A Blog by Jonathan Low


Jun 22, 2012

What's Stalling the Housing Market? An Absence of New Families and People Who Can Afford Their Own Place

Reports continue to suggest that the US housing market, historically one of that economy's strongest engines of growth, remains anemic.

Speculation has centered on bank lending policies but there may be a more basic and troubling reason: a lack of new families. The numbers are daunting: 9 million families are essentially out of the market because they have recently suffered delinquency or foreclosure. On top of that, another 16 million are struggling with mortgages that are 'under water' which means they are behind in their payments or their homes are worth less than the mortgages they took out to finance them however many years ago.

This means 25 million families who are financially constrained and can not qualify for funding. According to the latest census figures, there are 114 million households in the US, so approximately 22% of them are unable to purchase new homes.

But there is more. The issue is 'household formation.' This means newly-weds or young, single people just out of high school, college or the service who are ready to move away from the 'rents, get a job and, usually, an apartment. The problem is that the stubbornly high 8% unemployment rate and declining income levels (especially for younger people) means that instead of striking out on their own, they are living at home, with relatives or doubling up with friends. The rate of 'shared households' has risen over 11%, while the rate of all households is rising at about a 1.3% rate. In other words, all those jokes, tv shows and movies about adult children living at home are a)on the mark and b) negatively impacting the market and the economy.

Until policies are contrived to stimulate the jobs and incomes that will, in turn, generate demand for new houses, cars and the other impedimenta of middle class life, economic growth is likely to remain weak. And that is not a joke. JL

David Dayen reports in FDL:
A new report by the US Census shows why it’s going to be so difficult to get a housing recovery going. We already have seen that the 9 million families locked out of the market by virtue of a recent delinquency or foreclosure dampens supply. The up to 16 million families who are underwater have almost no chance at being “step-up” buyers, purchasing a bigger home or a home closer to a new job.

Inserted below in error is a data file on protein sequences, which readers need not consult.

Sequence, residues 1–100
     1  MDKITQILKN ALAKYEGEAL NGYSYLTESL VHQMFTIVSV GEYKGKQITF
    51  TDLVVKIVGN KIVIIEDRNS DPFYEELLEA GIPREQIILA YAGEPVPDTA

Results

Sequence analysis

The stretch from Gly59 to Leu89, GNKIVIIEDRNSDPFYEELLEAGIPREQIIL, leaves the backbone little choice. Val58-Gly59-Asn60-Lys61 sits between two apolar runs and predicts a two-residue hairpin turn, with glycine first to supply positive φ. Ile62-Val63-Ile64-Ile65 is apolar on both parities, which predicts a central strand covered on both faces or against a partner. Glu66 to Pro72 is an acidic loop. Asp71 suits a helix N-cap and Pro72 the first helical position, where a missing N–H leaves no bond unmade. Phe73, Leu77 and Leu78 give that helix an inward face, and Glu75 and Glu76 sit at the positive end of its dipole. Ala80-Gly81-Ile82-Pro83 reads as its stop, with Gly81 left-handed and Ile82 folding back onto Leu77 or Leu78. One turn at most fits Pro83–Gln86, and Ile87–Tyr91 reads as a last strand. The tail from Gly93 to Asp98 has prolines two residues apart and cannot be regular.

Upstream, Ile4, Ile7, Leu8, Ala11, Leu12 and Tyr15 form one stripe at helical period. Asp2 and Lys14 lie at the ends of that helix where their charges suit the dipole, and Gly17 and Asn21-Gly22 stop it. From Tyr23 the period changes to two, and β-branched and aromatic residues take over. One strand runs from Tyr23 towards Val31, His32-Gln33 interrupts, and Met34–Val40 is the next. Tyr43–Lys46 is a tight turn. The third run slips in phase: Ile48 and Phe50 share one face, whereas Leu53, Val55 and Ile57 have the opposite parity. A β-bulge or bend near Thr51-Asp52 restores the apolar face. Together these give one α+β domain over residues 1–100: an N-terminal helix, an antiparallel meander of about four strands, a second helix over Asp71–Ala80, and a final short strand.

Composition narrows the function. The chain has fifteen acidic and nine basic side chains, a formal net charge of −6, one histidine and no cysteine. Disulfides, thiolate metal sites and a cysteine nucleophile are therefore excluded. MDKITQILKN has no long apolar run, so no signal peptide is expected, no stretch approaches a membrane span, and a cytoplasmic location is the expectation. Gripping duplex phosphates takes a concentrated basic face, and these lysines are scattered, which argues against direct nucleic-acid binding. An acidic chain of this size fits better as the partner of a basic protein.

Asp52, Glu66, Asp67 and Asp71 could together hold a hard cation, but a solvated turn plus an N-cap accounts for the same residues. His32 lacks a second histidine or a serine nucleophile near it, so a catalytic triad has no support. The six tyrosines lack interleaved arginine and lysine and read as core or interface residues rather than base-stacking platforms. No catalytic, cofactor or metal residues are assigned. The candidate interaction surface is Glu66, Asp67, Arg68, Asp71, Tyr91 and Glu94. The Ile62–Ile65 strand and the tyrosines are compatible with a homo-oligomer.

The only way to generate demand, then, would be to have a run of first-time homebuyers with good credit, typically young people just getting into the housing market. But the Census report shows that household formation just isn’t happening these days:

This research defines a shared household as a household with at least one resident adult who is not enrolled in school and who is neither the householder, nor the spouse or cohabiting partner of the householder. In spring 2007, there were 19.7 million shared households. By spring 2010, the number of shared households had increased by 11.4 percent, while all households increased by only 1.3 percent (Table 1). In 2010, shared households accounted for 18.7 percent of all households, up from 17.0 percent in 2007.

This is not about the marriage rate rising, it’s about multi-family shared homes, roommates, etc. So the rate of shared households, defined thusly, is going up. And considering the stagnating wages, high unemployment, and lack of purchasing power in the broad middle, this stands to reason. And it will continue to be a problem, even if the banks keep enough homes off the market to constrain industry and lower months-of-supply.

The big stat here is that additional adults living with a relative rose from 2007 to 2010 by 2.4 million, accounting for 68% of the increase in this metric of shared households. That just goes right to affordability. People cannot afford to live on their own, so they move back in with their parents or another relative. Household formation remains low as a result.

I keep hearing that this will break, like a fever, and people will move out of their parents’ homes, perhaps get married and start families, and return to the housing market. But they have to have a job to do that. They have to be unburdened by student debt. What I see is that these millions just add on to the 9 million foreclosed and the 16 million underwater as those locked out of the housing market. That number is starting to look daunting. And without those purchases, and with the threat of more foreclosures in certain regions (like Colorado), it’s hard to predict prices bottoming out


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